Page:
Some people like to grow their own food. You’re thinking of carrots, potatoes, leeks…brimming with hearty goodness, still with soil on them as they’re pulled out of a rich, earthy, nutritious loam.
There’s nothing wrong with that, but I prefer to use bacteria to do my growing.
I’m of course talking about yoghurt (or indeed yogurt, for my North American friends). I remember a while back I was surprised to learn that yoghurt was really easy to make, and so for quite some time I would make regular batches. But then finally, convenience took precedence and I started buying it again. Anyway, I found myself today taking a short break from my usual daily routine of editing photographs and so I thought what better use of time than to make some dairy-based produce. I know, it does not get much cooler than that.
So how do you make yoghurt, I hear you cry? Well, the first thing you need to do is go out and buy some yoghurt. That’s right, go and buy some yoghurt. I know it sounds wrong that you’re buying the very substance you’re going to make, but read on. You see, if you intend to continue making your own yoghurt, you only need to buy it just one time, right at the beginning, and then you’re fully self-sustainable in the yoghurt stakes. What you’re going to do is put that shop-bought yoghurt to work, and make it make more yoghurt. It sounds cruel, but really, I’ve talked to yoghurt and it’s absolutely fine with being used this way- it does not mind.
1 litre of milk (it can be any kind…full fat, semi-skimmed etc), this will make 1 litre of yoghurt
1 small pot of live yoghurt. This is the important bit- it MUST be live yoghurt.
4 apples (seeded, finely chopped)
1 tsp honey
1/4 tsp cinnamon
1/4 tsp vanilla essence
Pour the milk into a pan and bring almost to the boil. Here’s the science: heating the milk to this extent denatures the proteins in it, meaning that your yoghurt won’t separate and will set. Just as it comes to the boil, remove from the heat and place the pan in a sink quarter-filled with cold water (i.e. a water bath). Stir the milk in the pan until it’s cooled to around 40 degrees celsius. If you don’t have a thermometer, tentatively dip a finger into the milk and as long as it’s comfortable, it’s ready for the next step). DO NOT plunge your whole hand into the milk, just in case…it’s why I’m saying tentatively use one finger. Safety at all times please, when you’re making yoghurt or in fact at any time in the kitchen.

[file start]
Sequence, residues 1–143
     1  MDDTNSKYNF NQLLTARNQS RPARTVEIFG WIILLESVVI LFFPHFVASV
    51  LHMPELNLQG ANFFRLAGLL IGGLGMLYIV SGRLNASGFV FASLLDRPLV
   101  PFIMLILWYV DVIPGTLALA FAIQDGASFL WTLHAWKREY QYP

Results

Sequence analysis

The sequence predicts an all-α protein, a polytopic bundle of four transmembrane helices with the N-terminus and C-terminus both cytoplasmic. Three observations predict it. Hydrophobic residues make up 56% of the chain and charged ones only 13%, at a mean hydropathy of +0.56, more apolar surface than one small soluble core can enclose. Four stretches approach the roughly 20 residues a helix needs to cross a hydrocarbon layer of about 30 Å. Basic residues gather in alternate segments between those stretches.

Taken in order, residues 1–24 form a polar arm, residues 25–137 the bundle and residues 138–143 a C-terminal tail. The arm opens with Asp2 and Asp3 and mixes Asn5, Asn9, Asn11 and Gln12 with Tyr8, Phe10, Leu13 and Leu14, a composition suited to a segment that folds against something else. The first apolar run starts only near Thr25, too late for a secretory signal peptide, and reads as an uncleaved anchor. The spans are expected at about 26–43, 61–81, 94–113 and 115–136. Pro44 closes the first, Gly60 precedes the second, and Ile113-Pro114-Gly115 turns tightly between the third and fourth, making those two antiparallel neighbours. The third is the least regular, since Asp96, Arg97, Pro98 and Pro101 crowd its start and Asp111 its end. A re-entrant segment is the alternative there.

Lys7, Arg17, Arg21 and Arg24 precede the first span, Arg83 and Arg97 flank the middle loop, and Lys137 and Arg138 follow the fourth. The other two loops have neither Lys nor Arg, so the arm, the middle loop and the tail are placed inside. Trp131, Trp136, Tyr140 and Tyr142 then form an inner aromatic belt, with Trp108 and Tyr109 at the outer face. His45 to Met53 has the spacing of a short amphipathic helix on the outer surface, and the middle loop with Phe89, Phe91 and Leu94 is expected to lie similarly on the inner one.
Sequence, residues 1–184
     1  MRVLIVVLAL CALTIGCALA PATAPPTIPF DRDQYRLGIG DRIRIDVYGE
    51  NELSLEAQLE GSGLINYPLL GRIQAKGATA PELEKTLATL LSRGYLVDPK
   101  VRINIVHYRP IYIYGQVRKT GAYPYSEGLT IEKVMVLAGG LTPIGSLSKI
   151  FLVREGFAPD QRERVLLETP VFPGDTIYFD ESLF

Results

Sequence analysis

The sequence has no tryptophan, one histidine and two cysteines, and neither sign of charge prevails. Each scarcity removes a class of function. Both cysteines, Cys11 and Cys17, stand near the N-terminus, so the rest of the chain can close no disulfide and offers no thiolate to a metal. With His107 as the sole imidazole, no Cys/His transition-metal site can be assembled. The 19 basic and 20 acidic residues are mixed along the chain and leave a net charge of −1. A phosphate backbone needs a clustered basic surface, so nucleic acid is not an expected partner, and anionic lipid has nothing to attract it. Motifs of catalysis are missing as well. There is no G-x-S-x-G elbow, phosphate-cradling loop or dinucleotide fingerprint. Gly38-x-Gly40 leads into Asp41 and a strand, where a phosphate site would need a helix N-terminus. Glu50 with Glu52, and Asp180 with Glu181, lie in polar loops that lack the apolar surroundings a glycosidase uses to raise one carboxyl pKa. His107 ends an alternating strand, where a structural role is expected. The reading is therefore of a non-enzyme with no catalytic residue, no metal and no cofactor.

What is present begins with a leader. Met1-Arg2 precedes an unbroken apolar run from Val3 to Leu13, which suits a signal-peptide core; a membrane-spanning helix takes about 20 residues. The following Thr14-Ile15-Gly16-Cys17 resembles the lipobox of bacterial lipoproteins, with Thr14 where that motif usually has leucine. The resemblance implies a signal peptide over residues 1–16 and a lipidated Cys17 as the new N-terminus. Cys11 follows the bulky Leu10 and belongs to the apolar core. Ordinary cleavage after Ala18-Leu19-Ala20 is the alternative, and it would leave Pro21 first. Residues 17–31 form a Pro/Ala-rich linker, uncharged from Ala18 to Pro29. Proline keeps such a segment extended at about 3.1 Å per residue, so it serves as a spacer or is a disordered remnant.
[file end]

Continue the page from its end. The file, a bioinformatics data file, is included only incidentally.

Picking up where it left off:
Next, rinse a dish/bowl big enough to hold all the milk with boiling water from the kettle to sterilise the bowl, then pour your warm milk into it. Now take your small pot of live yoghurt and empty the contents into the milk, stirring as you go. When stirred thoroughly, cover the bowl in clingfilm. Now here’s where you have a choice; if you have a central heating system with an airing cupboard, you’re in for the easiest ride. Place your bowl of milk mixture into the airing cupboard, and then sit back for 6 hours safe in the knowledge that you’re soon going to be enjoying a creamy dairy delight. If you don’t have an airing cupboard? Fret not. Warm your oven to about 45 degrees C, and when it hits that temperature, turn it off and place your bowl of milk mixture in the oven, close the door, and keep yourself busy for about 4-6 hours while the bacteria work their magic.
So you’ve got yogurt. It’s kind of plain, but nevertheless rather nice, but I wouldn’t blame you if you wanted to go one step further. It just so happens that you’re in luck, because there is more…
Take your finely chopped apples and place into a pan with the honey, cinnamon and vanilla essence. Place over a moderate heat until they’re nice and soft…you may have to add in 1-2 tbs of water if the apples aren’t very juicy, but don’t go overboard because you don’t want to end up with your cooked apple sat in a watery liquid- it’s needs to be fairly dry. When they’re cooked through, chop through them with a fork but don’t keep going until you’ve got a puree…it’s nice to have a few lumps to add texture to your yoghurt. Cool your apple down, and when it’s ready just add it to your yoghurt. You can do something fancy with it like in the photos I took, should you so desire.
‘But you said you will never have to buy yoghurt again?!’ I did not lie. Keep your yoghurt in the fridge and it will last around 2 weeks. Whey will form on top every so often, but you can just stir it back in. So what’s the secret to a lifelong supply of your own yoghurt? Before you finish your last bit of yoghurt, just make sure you save enough to kickstart your next batch.